“I’ll meet you anywhere in the world,” a true love of mine recently wrote in an email.“On your dime, of course,” I wrote back. “Sure, where?” he replied. …
“I’ll meet you anywhere in the world,” a true love of mine recently wrote in an email.
“On your dime, of course,” I wrote back.
“Sure, where?” he replied.
“London’s good,” I said. In his very next email were the details of our perspective flights and hotel accommodations. As usual, he rushed forward in booking everything without first discussing the emotional end of things. I laid it out in one sentence, “I’d love to see you but I want the option of staying with a girlfriend.” His reply came full tilt, “I’m done with you b*****. Go f*** yourself!” I got it. He didn’t like my proposal, so again without talking to me he went ahead and cancelled the whole affair. The undoing of which cost him a grand. Our fitful romance of nearly 40 years ended on that tart note until I opened a colorfully printed invitation to a class reunion.
I arrived at the reunion dressed to kill, figuring I’d probably be the one killed by him. He turned up likewise—looking splendid and fearing for his life around me. But the minute we laid eyes on each other, we fell into a warm, familiar embrace. We laughed at ourselves, and then started to kiss. We kissed and kissed and couldn’t stop kissing.
“Take it outside,” insisted one of our classmates. Since high school, these public displays of lust between the two of us were highly annoying to our friends. They watched as we reunited, high and low, throughout three marriages (never to each other) and two divorces. This time, I was the one still married.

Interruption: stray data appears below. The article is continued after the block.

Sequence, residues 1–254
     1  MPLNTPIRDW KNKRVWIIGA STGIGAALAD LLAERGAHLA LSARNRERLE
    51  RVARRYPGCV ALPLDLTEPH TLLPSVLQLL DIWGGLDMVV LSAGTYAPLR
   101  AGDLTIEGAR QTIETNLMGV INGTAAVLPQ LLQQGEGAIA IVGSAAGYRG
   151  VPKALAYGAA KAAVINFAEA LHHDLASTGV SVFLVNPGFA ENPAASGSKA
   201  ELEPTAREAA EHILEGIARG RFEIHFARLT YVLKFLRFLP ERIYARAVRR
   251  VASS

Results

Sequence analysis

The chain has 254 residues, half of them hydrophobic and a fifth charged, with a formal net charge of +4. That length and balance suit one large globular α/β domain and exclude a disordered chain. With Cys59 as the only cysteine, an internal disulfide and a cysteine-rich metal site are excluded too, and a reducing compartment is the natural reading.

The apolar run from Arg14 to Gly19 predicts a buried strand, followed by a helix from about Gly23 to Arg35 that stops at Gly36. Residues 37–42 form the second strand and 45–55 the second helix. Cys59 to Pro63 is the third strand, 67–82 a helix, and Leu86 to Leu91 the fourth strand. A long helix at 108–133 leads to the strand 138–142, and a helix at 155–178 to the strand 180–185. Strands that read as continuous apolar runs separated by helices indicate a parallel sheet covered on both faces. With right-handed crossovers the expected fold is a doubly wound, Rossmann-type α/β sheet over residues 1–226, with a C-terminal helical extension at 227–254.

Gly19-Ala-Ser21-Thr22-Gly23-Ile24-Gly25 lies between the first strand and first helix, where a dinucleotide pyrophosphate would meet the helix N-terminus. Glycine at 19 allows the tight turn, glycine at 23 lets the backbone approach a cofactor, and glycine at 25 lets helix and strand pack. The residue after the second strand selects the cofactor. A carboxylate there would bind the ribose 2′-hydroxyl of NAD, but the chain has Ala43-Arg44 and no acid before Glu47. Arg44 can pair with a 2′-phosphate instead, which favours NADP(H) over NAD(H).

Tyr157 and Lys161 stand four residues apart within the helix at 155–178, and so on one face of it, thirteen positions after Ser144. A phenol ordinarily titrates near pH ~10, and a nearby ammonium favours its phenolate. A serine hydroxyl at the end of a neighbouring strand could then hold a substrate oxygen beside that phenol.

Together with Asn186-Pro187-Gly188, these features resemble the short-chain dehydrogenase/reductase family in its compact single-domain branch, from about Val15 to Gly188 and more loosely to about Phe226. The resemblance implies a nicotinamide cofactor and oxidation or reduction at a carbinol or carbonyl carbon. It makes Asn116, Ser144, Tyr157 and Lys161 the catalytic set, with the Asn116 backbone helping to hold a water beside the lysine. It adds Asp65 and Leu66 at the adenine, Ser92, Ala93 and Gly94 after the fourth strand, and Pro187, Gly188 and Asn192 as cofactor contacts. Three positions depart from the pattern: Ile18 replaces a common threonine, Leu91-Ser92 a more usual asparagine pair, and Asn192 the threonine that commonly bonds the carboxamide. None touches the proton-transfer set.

“Where are you staying?” he cut to the chase as we exited into the night air. “I don’t know, yet,” I meowed coquettishly thinking what the hell’s come over me? I’m going to be 59 this year! Besides, I knew damn well where I was staying; with my sister and her nasty cats, her tendency to drink too much and her endless complaints about not having a man.
His Zip-Car was waiting right outside the reunion hall. I didn’t hesitate to strap myself in. We sped past my sister’s house and all the available hotels and motels in the area. Just as I wondered where we might be going, he told me to look in his wallet. Tucked inside were two airline tickets that would take us 3,000 miles away from our current lives. F***! What was I doing? Running away forever and falling madly in love again? It was the perfect reunion and it was all happening so fast I could hardly breathe.
Folding the scarlet invitation, I ruefully shoved it back into its envelope before tearing it in half and then in half again. I ripped it until it was so small it hurt my fingertips to rip it any further. After tossing the paper fragments on top of my backyard burn pile, I touched a match to the jumble and watched it all go up in flames. When the smoke cleared, I carefully raked the ash until I was sure that every last spark had gone out of that smoldering day dream. Back in my kitchen, a faint longing, like an incessant melody, softly lingered.